by Quinn Levandoski
reviewed on PC
Better on the PC (cntd)
Revelations’ interface is also great. While there are times that opening up the menu is necessary, most important tasks can be done from the main screen. Additionally, I like that herbs have been simplified. No longer are there different colored herbs that can be combined to increase the scope and style of their effect, but instead there exist only green herbs which, when used, return the player to full health. Gun management also works smoothly. While players can only carry three weapons at a time, other armaments can be kept in weapon bins which are accessible at various points around the environment. These guns can also be modified by finding attachments which amplify the type and degree of each weapon’s effectiveness.
While most everything is either just as good or better in the PC version of Revelations than it was in its handheld iteration, one aspect that is a bit of a mixed bag is the game’s visuals. The animations are perfectly fine without ever becoming amazing, but the textures bounce back and forth the most. Overall, the playable character models look great. Some of the environments look really good too. It’s never on the same level as Resident Evil 5 or 6, but this is an HD port, and it’s on about the same level as other HD ports we’ve seen. Unfortunately some textures, and it seems completely arbitrary which ones, look atrocious. Certain objects or walls look very muddied and jagged, however I didn’t find this to be the case enough to make a huge negative impact. The sound is also just okay. Ambient music and sound effects do a good job of setting the mood without sticking out too much. The voice acting is actually pretty good overall, but the actual dialogue is cheesy at best. I couldn’t help but cringe when hearing lines like “The plane! It crashed!” or “Hold on until I get my sweet ass down there!” but to be honest the B-movie dialogue has always been a part of the Resident Evil Charm.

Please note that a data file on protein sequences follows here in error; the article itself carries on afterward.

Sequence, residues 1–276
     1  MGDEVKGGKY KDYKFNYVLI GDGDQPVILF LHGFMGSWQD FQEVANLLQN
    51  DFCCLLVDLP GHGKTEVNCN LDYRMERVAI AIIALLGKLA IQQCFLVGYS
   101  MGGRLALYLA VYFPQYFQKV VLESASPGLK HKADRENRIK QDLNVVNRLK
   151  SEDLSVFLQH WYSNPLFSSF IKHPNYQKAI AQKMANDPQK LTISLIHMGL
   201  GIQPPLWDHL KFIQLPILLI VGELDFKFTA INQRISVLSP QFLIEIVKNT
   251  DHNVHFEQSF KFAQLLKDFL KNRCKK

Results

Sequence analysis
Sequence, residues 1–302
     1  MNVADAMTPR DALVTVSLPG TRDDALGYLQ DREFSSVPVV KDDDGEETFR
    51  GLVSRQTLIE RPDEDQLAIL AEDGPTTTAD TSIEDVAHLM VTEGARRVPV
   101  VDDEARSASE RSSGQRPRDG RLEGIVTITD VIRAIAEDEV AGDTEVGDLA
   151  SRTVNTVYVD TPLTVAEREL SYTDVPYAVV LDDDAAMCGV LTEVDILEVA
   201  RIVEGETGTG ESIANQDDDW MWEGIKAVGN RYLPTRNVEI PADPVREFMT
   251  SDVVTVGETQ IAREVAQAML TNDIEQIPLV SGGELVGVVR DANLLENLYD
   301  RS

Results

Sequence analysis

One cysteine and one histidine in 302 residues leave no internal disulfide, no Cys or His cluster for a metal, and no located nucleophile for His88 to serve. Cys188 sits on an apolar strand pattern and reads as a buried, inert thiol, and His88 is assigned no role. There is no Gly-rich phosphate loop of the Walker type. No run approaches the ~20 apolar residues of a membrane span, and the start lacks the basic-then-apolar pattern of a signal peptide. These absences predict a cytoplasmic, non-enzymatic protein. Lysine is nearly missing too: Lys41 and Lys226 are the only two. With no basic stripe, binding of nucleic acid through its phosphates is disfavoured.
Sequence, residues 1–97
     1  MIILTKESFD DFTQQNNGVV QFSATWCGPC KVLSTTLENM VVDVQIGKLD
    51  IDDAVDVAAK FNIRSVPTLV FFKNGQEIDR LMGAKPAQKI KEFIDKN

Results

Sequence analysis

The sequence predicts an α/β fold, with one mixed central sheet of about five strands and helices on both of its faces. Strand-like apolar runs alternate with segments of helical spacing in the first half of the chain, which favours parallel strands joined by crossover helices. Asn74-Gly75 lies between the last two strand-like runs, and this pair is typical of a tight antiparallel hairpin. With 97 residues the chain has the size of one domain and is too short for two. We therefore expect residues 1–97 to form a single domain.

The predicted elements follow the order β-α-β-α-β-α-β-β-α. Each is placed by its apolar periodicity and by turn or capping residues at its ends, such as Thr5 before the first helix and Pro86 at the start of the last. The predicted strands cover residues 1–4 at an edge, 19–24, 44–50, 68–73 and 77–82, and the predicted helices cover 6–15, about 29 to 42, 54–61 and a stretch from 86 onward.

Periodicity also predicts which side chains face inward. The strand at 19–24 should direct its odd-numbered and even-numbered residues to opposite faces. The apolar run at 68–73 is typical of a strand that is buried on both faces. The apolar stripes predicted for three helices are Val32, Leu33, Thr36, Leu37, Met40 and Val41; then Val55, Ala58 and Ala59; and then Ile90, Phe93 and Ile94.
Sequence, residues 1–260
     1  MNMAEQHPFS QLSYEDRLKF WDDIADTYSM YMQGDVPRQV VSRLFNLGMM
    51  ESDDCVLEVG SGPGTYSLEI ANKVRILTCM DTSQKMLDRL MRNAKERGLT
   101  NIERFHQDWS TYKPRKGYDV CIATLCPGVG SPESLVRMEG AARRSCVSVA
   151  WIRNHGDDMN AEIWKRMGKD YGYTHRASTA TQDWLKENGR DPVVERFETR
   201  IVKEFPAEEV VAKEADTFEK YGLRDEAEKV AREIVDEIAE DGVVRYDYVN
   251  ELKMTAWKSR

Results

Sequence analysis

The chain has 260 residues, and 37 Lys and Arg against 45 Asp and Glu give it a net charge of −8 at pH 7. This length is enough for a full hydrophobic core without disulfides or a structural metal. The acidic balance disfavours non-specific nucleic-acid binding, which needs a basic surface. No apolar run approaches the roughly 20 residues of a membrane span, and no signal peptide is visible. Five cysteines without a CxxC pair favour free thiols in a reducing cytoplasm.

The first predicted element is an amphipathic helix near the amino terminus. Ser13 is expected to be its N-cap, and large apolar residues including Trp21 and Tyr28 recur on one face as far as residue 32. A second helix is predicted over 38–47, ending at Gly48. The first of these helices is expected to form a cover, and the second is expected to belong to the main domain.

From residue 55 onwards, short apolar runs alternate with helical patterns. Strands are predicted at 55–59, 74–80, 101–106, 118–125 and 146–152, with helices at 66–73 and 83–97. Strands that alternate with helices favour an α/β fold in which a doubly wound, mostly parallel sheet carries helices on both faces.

Safety in numbers
Revelations also boasts a co-op mode, though I didn’t have nearly as much fun with it as I did the main story. In what I consider a good choice, Capcom kept co-op out of the main story. Though much of the campaign is spent with an AI partner at your side, co-op is a separate mode in which small chunks of the campaign are taken out to be cleared. The abundance, type, and toughness of enemies are different than in the campaign, and completing these missions award points that can be used to unlock more weapons to help you out. I’m sure many will find this mode great fun, and it would seem Capcom agrees as the developers have added a cornucopia of weapons and missions to the mode for the HD re-release. However I couldn’t keep myself going for more than a few missions. To me Resident Evil is all about the atmosphere and mood, and with that gone it just doesn’t seem the same.
I hope that Resident Evil: Revelations is a sign that Capcom hasn’t lost its way with one of its most successful franchises. Not every game needs to be bigger and louder than the one that came before it, and I can only hope that in the future we see more games in the series that embrace the charm of a smaller scale. I would love to see what the team in charge of Revelations can do when designing a game with a similar aiming scheme to PC/consoles from the get-go. The game certainly isn’t perfect, but it’s a step in the right direction. I can genuinely say that I had fun playing it. I can say I jumped more than a few times playing it in the dark. I can say that it makes me much more likely to get excited for whatever the franchise has in store next. Just like the zombies that the Resident Evil brand was built on, Revelations proves that there might be life after death (or at least severe downward spiral) after all.
A welcome return to survival-horror. A great setting. Sleek controls and interface.
Action-heavy segments feel out of place. Co-op underwhelms. Occasionally terrible textures.